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Gold is dug out of the earth, and, in close proximity to it, chrysocolla,1 a substance which, that it may appear all the more precious, still retains the name2 which it has borrowed from gold.3 It was not enough for us to have discovered one bane for the human race, but we must set a value too upon the very humours of gold.4 While avarice, too, was on the search for silver, it congratulated itself upon the discovery of minium,5 and devised a use to be made of this red earth.

Alas for the prodigal inventions of man! in how many ways have we augmented the value of things!6 In addition to the standard value of these metals, the art of painting lends its aid, and we have rendered gold and silver still more costly by the art of chasing them. Man has learned how to challenge both Nature and art to become the incitements to vice! His very cups he has delighted to engrave with libidinous subjects, and he takes pleasure in drinking from vessels of obscene form!7 But in lapse of time, the metals passed out of fashion, and men began to make no account of them; gold and silver, in fact, became too common. From this same earth we have extracted vessels of murrhine8 and vases of crystal,9 objects the very fragility of which is considered to enhance their value. In fact, it has come to be looked upon as a proof of opulence, and as quite the glory of luxury, to possess that which may be irremediably destroyed in an instant. Nor was even this enough;—we now drink from out of a mass of gems,10 and we set our goblets with smaragdi;11 we take delight in possessing the wealth of India, as the promoter of intoxication, and gold is now nothing more than a mere accessory.12

1 "Chrysocolla" is fully described in Chapter 26 of this Book.—B.

2 Meaning "gold glue," or "gold solder."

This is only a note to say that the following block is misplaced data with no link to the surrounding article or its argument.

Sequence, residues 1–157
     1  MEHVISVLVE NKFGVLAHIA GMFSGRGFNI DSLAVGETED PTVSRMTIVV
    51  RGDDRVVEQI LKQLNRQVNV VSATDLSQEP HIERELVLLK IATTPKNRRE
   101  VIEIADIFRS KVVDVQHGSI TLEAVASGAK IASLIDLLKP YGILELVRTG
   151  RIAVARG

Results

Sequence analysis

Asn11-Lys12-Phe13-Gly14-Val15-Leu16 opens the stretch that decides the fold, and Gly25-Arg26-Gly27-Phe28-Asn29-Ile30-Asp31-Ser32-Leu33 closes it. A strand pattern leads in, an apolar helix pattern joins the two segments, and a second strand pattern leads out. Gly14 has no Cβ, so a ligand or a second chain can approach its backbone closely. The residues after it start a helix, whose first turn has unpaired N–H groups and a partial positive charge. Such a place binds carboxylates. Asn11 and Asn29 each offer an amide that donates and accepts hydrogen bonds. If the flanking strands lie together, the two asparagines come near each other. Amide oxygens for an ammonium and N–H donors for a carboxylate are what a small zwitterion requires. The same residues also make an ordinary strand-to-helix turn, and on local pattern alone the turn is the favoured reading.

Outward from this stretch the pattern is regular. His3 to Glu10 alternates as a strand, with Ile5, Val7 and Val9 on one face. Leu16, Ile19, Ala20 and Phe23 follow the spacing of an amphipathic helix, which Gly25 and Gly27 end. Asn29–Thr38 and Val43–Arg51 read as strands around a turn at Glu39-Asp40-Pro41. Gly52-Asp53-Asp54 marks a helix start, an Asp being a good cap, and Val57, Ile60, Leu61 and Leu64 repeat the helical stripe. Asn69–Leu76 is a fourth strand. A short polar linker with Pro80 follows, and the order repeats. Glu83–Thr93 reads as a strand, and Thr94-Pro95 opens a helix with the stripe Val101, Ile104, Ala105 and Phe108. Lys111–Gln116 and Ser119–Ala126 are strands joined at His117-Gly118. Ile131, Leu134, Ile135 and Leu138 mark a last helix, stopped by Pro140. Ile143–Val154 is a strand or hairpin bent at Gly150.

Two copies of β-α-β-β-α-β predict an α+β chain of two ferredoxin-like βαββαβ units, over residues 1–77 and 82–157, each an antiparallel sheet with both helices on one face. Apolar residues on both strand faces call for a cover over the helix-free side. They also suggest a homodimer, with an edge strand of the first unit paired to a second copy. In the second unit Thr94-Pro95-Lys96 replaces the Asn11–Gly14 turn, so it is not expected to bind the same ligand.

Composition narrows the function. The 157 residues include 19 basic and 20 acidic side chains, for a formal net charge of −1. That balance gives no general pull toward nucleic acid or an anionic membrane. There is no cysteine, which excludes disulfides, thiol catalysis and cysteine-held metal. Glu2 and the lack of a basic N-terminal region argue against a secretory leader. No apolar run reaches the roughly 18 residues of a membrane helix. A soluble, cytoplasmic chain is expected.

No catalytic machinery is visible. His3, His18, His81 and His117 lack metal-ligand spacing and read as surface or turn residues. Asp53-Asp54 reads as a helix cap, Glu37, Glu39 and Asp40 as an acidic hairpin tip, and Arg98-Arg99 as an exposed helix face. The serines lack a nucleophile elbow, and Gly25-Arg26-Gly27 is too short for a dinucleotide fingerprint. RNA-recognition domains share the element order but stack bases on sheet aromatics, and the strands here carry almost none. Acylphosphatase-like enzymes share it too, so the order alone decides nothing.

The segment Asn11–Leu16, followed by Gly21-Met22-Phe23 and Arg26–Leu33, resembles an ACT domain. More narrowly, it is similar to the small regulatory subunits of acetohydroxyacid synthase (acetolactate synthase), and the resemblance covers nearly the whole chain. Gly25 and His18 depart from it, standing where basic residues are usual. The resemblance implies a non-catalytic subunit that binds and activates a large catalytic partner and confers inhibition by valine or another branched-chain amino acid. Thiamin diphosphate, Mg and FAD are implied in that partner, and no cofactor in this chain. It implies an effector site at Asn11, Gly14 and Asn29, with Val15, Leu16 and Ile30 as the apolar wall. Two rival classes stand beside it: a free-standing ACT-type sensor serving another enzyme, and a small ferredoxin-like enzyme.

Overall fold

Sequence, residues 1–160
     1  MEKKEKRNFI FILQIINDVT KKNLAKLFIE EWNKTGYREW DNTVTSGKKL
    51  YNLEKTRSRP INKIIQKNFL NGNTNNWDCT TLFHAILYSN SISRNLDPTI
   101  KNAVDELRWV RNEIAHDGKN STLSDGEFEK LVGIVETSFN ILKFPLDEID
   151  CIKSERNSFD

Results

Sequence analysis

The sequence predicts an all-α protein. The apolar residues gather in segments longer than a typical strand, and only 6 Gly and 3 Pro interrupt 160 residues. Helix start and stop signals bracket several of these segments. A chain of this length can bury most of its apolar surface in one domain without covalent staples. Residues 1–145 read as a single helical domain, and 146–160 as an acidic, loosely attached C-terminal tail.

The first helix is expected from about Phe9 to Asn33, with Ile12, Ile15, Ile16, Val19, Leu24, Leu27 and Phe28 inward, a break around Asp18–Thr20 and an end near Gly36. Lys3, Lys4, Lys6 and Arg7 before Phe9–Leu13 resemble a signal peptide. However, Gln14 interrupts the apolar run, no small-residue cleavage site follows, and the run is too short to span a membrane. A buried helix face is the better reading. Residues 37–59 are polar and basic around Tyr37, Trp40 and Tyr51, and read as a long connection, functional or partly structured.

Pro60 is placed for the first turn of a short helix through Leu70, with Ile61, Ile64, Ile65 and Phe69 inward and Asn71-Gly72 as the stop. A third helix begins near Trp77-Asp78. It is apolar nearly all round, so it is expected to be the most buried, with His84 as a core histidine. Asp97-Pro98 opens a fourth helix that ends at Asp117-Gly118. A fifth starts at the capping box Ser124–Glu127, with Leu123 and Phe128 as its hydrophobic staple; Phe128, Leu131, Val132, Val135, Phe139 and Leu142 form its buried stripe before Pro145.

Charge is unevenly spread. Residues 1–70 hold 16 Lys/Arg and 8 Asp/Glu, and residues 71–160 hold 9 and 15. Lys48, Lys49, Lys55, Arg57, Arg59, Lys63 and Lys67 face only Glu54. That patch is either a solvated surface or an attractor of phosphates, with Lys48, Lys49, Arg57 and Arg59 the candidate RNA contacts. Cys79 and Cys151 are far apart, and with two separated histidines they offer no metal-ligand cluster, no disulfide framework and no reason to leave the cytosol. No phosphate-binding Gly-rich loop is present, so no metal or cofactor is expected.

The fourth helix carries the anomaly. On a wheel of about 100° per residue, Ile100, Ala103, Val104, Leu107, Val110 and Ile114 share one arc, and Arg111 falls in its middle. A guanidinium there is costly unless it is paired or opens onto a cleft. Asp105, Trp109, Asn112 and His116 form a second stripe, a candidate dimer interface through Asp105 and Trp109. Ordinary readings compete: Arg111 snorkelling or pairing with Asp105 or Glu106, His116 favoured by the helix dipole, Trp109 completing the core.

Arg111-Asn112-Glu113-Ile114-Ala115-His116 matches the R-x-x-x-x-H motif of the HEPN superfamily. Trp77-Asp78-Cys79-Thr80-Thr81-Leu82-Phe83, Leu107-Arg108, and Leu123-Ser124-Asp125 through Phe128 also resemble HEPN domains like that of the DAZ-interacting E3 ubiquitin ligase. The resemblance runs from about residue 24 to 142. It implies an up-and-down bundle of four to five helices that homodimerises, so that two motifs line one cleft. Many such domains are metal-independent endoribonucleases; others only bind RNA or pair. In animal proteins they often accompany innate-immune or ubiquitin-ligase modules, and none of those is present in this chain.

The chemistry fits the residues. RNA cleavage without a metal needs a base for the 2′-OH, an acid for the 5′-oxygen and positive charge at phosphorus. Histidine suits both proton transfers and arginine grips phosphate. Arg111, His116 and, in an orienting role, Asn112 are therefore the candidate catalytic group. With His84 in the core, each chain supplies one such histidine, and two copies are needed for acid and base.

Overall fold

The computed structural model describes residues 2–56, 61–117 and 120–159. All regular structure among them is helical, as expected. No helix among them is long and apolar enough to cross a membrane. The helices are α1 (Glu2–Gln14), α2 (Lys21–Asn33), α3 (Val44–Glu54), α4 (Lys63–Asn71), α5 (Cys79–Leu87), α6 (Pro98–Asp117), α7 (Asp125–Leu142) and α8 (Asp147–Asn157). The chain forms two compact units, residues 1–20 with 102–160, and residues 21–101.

3 There is considerable variation in the text of this passage, as found in the different editions. In that of Dalechamps, the Variorum, and those of De Laët and Sillig, the sentence concludes with the words "nomen ex auro custodiens;" while in those of Valpy, Lemaire, Poinsinet, Ajasson, and others, we find substituted for them the words, "Non natura," "Nomen natura," "Nomine natura," or "Nomen naturam."—B. The first reading is warranted by the Bamberg MS.

4 "Auri sanies." More properly speaking, "the corrupt matter discharged by gold." See Chapter 26.

5 "Minium" is treated of in Chapter 36 of this Book.—B.

6 "Pretia rerum." The value of the raw material.

7 Pliny here refers both to the art of producing figures in relief on drinking vessels made of the precious metals, and also of giving them particular forms. A well-known line of Juvenal, Sat. ii. 1. 95, affords a striking illustration of the depraved taste which existed in his time.—B. Lampridius also speaks of vessels of silver "defiled with representations of a most libidinous character;" and Capitolinus speaks of "phallovitroboli," glass drinking vessels shaped like a phallus.

8 "Murrhina" or "myrrhina," are described in B. xxxvii. c. 8; they were, perhaps, onyxes or opals, though possibly the term was not strictly confined to these substances, but signified any transparent minerals, that exhibited a variety of colours. Salmasius, however, ridicules the idea of their being onyxes, and is of opinion that these vessels were made of porcelain; Exer. Plin. p. 144.—B.

9 See B. xxxvii. c. 9.

10 He alludes to the cups known as "chrysendeta," adorned with circlets of gold, exquisite chasings, and groups of precious stones. See Juvenal, Sat. v. 1. 42.

11 The "Smaragdus" is described in B. xxxvii. c. 13.

12 "Et aurum jam accessio est."

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